The well-worn scenario of four guys searching for love gets an invigorating jolt in Tonislav Hristov’s infectiously entertaining personal docu “Rules of Single Life.” Together with fellow expat friends in Helsinki, the recently divorced helmer humorously explores the gender divide. Breezily shot in a style that owes more to fiction than to documentary, this winning bachelor extravaganza can’t overcome a built-in objectification of the fairer sex, but fortunately likability is high, and lensing, editing and music are all pleasures. “Rules” bagged the Sofia fest’s audience award and will find similarly welcoming crowds on the fest circuit.
Smallscreen play is assured with a 56-minute version that will prove popular in producing countries Finland and Bulgaria. Stateside exposure is also a possibility, given the natural ease with which Hristov handles the English narration, chronicling his and his friends’ success and failure with women around the time he hits the big Three-O.
The group — three Bulgarians and one Macedonian — have a Balkan sensibility decidedly different from Finnish ways. Hristov and Zoran Atanasov were married to Finns and are both now divorced; Kiril Jovchev is in a 10-year relationship, but his Bulgarian g.f. isn’t interested in marriage; and Hristiyan Dimov is the eternal bachelor. The helmer’s birthday, plus a communal road trip to a friend’s wedding, prompts an examination of life, goals and the desire for companionship.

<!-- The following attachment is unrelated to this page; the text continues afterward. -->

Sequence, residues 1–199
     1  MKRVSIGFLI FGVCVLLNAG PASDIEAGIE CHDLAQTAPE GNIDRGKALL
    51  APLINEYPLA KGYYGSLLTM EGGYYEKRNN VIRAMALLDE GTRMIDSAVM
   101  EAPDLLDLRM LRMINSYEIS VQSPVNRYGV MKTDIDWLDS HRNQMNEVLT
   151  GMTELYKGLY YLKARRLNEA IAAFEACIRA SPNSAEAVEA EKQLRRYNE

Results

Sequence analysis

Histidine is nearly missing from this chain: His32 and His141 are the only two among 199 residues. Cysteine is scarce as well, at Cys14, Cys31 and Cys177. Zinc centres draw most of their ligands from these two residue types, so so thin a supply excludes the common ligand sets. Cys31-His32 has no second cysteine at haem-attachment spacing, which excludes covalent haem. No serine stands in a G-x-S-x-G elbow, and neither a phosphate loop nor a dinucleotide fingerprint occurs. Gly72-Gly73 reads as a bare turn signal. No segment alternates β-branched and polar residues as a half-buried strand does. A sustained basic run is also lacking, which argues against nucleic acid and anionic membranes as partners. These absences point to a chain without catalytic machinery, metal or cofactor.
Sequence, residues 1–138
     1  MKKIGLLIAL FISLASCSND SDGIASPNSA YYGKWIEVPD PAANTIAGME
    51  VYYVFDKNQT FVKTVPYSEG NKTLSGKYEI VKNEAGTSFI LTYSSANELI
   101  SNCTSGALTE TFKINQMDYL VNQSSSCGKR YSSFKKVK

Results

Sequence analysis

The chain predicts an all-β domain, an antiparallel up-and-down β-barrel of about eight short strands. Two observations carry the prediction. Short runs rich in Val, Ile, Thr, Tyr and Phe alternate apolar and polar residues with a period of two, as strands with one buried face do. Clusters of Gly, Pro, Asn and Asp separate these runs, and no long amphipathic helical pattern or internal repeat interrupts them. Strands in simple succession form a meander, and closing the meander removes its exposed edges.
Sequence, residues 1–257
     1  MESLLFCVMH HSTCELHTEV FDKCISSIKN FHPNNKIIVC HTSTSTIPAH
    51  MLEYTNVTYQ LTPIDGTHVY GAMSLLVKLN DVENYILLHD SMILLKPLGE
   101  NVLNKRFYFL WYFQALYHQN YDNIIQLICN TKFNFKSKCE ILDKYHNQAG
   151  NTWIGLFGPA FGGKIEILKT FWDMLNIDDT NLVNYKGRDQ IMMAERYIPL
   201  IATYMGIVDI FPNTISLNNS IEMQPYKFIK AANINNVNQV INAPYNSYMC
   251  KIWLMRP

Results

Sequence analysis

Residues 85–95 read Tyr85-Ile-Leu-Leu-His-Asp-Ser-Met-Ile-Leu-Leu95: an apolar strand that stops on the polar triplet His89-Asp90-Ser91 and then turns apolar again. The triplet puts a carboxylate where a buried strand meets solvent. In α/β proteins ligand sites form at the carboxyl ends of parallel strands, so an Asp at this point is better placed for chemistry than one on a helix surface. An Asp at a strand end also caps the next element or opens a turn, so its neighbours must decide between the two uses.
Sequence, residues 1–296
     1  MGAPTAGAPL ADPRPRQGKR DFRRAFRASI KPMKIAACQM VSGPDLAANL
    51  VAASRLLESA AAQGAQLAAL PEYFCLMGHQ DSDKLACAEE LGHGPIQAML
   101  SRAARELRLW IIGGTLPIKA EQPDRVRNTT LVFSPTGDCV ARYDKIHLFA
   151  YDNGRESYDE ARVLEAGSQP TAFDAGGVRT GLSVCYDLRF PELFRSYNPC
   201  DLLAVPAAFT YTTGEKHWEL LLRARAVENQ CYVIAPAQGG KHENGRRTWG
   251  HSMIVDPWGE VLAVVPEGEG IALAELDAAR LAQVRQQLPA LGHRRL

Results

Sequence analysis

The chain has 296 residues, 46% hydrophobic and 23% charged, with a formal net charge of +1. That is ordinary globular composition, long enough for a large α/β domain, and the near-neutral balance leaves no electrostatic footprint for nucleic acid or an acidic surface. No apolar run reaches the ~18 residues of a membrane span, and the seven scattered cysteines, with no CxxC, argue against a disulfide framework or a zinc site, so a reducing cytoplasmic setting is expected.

Parallels are being made with “Sex and the City,” though the docu’s level of sex talk is much tamer than that of the racy HBO series. Basically, these are a bunch of nice guys (with much more appealing personalities than anyone in a Judd Apatow comedy) looking for companionship in a country whose customs and manners aren’t their own. Dance classes, personal trainers and even a seminar on dressing for success are taken up and then apparently abandoned as the search for Ms. Right never quite gels, at least not in Finland.
There are times when it’s not clear if certain scenes have been staged; Hristov’s been making short docus for several years, so presumably he’s trained a camera on himself and his friends for some time. Still, it’s a surprise to see how willing they are to be this exposed emotionally, not just in uncomfortable discussions between the helmer and his ex-wife, but in a therapy session in which Atanasov and his soon-to-be ex lay bare their rift. These sequences seem to straddle the fiction-docu line, though it’s unlikely the subjects re-created their difficult moments for the camera.
Peter Flinckenberg’s lively lensing, assisted enormously by Joona Louhivuori’s fine editing, keeps the energy levels high without going overboard. Sound too is topnotch, and the memorable jazz score by Petar Dundakov is the perfect good-vibe accompaniment.